Mad Max: Fury Road

My wife was again up for another action film so we went to see Mad Max: Fury Road, maybe in part because I pitched to her that it was sitting at an incredible 98% on the Rotten Tomatoes tomato-meter, with over 200 reviews (including from magazines like Vanity Fair and the New Yorker ).

My wife cautioned that I might be disappointed with that level of hype, and I agreed. I tried to drop my expectations a notch, although admittedly they were still pretty darn high.

A plot summary may be read here at IMDb.

Sure enough, Mad Max: Fury Road  is topnotch for what it is: a post-apocalyptic thrill ride and a visual extravaganza. The direction is just about as good as one could hope for this type of film–George Miller outdid himself. And it easily passed my most basic litmus test of whether I cared what happened to the protagonists. The acting performances are all great.

I was happy for Thomas Hardy that he turned in a rock solid performance that no one will make fun of (after his The Dark Knight Rises ‘ Bane–although I’m in the minority of fans that loved his portrayal of the character–and his Dr. Evil-like Shinzon in Star Trek: Nemesis). 

But Charlize Theron’s character Imperator Furiosa is as much the star of this film as Max is. It is as much her story as it is Max’s.

Zoe Kravitz gives a standout performance as one of the spunkier “breeder” women that Furiosa and Max are protecting. And Melissa Jaffer is memorable as the Keeper of the Seeds. Nicholas Hoult it fine as Nux, although I’m not sure that the film really needed the Nux character.

This movie is all about maintaining tension visually, and it succeeds at that brilliantly–and lavishly. It is strung extremely taut throughout; and the film manages to actually increase the tension in the final act, which is pretty amazing in hindsight. Tension-wise, this movie like watching a horse race in which the lead changes hands several times, and it ends in a near photo-finish.

Also with respect to the visual spectacle, the film is replete with the freakishly grotesque characters that we’re used to from the earlier Mad Max films; although I’m can’t quite say that we get any to top Lord Humungus, Wez, the Gyro Captain, and the Feral Kid from Mad Max 2: The Road Warrior. In this film Imortann Joe is certainly very imposing, though. Rictus Erectus, on the other hand, basically seems to be interchangeable with Wez (although Wez was more colorful).

I guess there was a slight letdown for me in that for very dark, oppressive, bleak dystopian fictional settings (I’m not particularly a fan of them), I need a story or characters that truly surprise me to make it a five star experience. There has to be something innovative about that for me to like the film tremendously. I did not really get that here. The feminist theme that enslaved women (although it seems everyone in Imortann Joe’s enclave is his slave) were taking charge to free themselves was nice to see, but there was nothing particularly inspired about it. Then again, that was really just an added benefit for a film like this–which is not so much about depth of story, but rather blowing us away with the visual experience.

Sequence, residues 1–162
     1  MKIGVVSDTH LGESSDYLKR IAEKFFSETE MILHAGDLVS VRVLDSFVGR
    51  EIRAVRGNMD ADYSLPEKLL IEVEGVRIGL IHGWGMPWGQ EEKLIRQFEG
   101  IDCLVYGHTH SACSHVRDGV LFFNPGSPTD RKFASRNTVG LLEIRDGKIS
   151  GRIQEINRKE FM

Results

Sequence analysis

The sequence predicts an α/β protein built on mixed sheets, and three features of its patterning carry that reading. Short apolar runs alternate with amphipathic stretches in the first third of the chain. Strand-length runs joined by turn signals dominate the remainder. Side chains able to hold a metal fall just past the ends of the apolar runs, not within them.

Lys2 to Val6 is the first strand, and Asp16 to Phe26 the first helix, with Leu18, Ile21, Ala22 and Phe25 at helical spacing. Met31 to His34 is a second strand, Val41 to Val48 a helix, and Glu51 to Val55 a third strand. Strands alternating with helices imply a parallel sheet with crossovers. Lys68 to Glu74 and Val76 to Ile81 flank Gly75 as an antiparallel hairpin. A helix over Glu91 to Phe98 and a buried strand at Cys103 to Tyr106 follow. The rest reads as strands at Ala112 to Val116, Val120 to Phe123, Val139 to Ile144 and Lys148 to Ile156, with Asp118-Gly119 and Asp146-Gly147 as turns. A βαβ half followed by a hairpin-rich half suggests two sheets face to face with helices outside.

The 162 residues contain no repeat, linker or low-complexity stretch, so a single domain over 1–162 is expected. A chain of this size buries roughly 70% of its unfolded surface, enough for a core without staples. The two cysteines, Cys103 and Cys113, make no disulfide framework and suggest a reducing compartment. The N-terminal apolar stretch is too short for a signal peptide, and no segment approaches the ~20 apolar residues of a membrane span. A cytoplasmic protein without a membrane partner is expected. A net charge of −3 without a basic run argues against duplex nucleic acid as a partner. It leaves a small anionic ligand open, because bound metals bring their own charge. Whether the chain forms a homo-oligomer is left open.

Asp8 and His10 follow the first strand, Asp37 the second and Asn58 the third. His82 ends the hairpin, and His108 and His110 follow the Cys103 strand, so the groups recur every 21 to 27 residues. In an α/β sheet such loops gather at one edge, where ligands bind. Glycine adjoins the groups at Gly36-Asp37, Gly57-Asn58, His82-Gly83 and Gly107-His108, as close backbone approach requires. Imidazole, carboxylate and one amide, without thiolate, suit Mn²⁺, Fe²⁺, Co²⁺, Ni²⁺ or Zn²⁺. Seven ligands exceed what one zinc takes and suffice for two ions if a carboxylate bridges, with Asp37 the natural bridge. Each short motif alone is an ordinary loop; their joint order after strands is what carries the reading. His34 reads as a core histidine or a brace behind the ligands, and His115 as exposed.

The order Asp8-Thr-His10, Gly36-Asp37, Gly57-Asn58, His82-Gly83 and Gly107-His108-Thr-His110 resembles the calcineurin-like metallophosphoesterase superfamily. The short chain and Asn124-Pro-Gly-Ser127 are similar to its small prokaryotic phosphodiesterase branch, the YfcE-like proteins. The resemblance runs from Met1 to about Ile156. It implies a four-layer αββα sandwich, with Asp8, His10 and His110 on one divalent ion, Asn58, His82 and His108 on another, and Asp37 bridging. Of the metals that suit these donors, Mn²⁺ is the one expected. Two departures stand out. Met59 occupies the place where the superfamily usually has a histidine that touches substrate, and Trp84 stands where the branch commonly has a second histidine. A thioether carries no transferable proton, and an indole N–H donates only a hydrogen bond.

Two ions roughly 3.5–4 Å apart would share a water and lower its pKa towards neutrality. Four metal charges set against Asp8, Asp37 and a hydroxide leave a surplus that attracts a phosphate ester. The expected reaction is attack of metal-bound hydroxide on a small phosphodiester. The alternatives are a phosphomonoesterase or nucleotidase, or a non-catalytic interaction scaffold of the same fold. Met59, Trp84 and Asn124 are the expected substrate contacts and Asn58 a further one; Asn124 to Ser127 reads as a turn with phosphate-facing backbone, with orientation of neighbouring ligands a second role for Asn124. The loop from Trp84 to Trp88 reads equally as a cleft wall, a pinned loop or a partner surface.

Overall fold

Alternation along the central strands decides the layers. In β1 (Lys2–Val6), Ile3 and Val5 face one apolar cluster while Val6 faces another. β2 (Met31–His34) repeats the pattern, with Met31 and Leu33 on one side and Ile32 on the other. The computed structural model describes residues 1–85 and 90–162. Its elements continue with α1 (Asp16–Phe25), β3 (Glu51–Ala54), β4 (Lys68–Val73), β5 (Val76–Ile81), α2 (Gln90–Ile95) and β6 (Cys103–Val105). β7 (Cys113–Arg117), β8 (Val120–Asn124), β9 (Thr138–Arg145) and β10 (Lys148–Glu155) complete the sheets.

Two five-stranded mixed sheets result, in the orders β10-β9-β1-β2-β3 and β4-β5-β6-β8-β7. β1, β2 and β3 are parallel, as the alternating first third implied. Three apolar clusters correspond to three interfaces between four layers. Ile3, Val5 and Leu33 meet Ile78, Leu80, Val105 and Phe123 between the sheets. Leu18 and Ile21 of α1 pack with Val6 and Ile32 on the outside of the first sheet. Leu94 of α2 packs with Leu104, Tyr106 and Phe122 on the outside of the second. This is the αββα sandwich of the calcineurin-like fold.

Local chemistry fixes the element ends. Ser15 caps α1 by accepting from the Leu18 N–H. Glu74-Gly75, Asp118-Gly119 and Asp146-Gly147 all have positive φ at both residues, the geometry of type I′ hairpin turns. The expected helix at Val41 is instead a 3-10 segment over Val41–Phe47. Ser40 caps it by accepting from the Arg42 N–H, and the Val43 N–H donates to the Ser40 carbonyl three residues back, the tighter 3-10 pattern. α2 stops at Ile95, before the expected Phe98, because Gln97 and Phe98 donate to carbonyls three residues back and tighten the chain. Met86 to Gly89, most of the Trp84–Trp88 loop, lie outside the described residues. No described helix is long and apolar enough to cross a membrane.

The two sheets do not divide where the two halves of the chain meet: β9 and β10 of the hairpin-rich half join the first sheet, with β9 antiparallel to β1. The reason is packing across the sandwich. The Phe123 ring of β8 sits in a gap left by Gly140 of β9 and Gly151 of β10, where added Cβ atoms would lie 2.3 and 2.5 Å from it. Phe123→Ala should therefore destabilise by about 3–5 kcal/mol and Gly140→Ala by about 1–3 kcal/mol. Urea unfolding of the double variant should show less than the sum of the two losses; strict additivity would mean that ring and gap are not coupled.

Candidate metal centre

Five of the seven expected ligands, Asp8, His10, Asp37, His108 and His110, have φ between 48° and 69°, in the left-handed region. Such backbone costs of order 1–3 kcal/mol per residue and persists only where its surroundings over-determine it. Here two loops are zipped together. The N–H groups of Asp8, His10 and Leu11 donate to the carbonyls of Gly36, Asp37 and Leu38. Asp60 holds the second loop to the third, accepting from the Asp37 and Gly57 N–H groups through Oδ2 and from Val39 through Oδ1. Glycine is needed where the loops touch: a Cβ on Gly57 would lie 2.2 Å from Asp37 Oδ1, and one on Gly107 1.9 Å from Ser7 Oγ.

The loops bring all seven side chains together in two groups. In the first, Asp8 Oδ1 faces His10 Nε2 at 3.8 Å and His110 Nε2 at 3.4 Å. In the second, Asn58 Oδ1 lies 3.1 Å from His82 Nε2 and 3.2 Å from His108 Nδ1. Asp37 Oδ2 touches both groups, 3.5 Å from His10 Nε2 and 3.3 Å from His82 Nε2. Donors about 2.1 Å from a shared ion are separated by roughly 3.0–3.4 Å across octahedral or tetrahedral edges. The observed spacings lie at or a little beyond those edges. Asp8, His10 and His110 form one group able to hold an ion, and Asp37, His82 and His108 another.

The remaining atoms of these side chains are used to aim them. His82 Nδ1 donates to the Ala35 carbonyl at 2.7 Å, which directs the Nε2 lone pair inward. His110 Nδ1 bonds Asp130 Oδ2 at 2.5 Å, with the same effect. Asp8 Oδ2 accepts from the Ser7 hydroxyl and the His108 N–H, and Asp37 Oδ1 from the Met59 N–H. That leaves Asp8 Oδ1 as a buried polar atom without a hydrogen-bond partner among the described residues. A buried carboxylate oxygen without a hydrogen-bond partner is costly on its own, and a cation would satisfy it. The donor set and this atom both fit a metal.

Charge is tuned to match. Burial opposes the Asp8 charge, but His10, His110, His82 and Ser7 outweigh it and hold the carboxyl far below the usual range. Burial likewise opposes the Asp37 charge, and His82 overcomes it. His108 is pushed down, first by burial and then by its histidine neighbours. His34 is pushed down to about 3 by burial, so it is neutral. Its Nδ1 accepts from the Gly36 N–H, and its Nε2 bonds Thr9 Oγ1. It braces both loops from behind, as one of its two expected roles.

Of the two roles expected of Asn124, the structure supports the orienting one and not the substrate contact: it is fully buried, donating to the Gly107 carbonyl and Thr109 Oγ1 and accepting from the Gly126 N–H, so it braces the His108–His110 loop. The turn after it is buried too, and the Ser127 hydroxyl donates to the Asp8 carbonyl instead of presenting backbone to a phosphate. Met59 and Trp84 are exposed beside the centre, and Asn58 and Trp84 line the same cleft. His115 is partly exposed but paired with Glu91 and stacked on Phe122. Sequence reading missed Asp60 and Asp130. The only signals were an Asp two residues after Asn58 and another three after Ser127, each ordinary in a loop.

Anyway, it was a good time and the film was enjoyable. My wife and I both enjoyed Mad Max: Fury Road. I doubt it’s a film that I’ll watch again. But it was pretty neat to see on the big screen in 3D. A fun night out.

Addednum: Spoiler to follow:

My wife had an interesting observation to make: Furiosa and her party end up right where they started–although in order for change to occur Furiosa clearly needed to do what she did. My wife was not prepared to assign a possible meaning to this, such as may be intended by the director. But she did note the irony.

Furiosa cannot quite be said to be seeking a paradise, but the longed for “Green Place” virtually is that in contrast with the psychotically nightmarish hell-on-earth Imortann Joe has created. There was also the theme of warriors’ belief in Valhalla. So we see in this film an overpowering motivation to seek a Utopian vision: either in the afterlife (on the part of the bad guys) or on earth (sought by this film’s heroes). Max of course would never put stock in any either vision. As he says in the opening narration, he has become the embodiment of the survival instinct, pure and simple. (Although that said, it is interesting to note that Max clearly favors prosocial order and individual freedom.)

A movie like this does not really need a “deeper message” (and it already has a laudable feminist twist). But perhaps if there is one to be drawn from it, perhaps it is that we must never give up in striving to do what is right to make the world a saner, more egalitarian, prosocially nurturing, free, and peaceful place, even when the odds seem insurmountable. We will thereby meaningfully change the world we actually inhabit, rather than transform it into something altogether different. The trick is to identify what you actually can do something about, envision what you wish to do with it, and put a plan into action. It does seem that the impulse to imagine a grand vision of ‘an ideal world that could be’ ironically drives us forward, though. (Unless you’re like Max. Which is, um, not desirable! Better that we be Furiosa!)

Mad Max: Fury Road

The Dark Knight Rises

Over the next week (the last week of my break before the winter quarter of school) I’m on a kind of movie watching mission. So I’ll probably be posting about a number of films. I hope I can get to this anyway.

I got around to watching The Dark Knight Rises last night and I did enjoy it, even if this is the least favorite among most fans of Christopher Nolan’s Dark Knight Trilogy, starring Christian Bale as Batman. I should add also that of any superhero I probably have the least fondness for the how the Batman character has been translated to the silver screen. Thus I’ll be posting about both my response to this particular film, and more generally about the character itself.

One of my friends who is also a superhero film buff like myself warned me that Thomas Hardy’s Bane character uses an over-the-top, goofy voice in this picture. I cannot dispute that that is fair to say. But it didn’t bother me–and in fact I actually kind of enjoyed it. I do laugh at it but, oddly, I still buy-in to the character at the same time. Superhero villains are typically larger-than-life ego-maniacs. They’re psychopaths that have also often been driven mad by something in their past. This Bane characterization runs with that with a kind of aplomb. I think Thomas Hardy gave us an evocative villain who is both highly colorful and chilling. Anyway, Bane worked for me.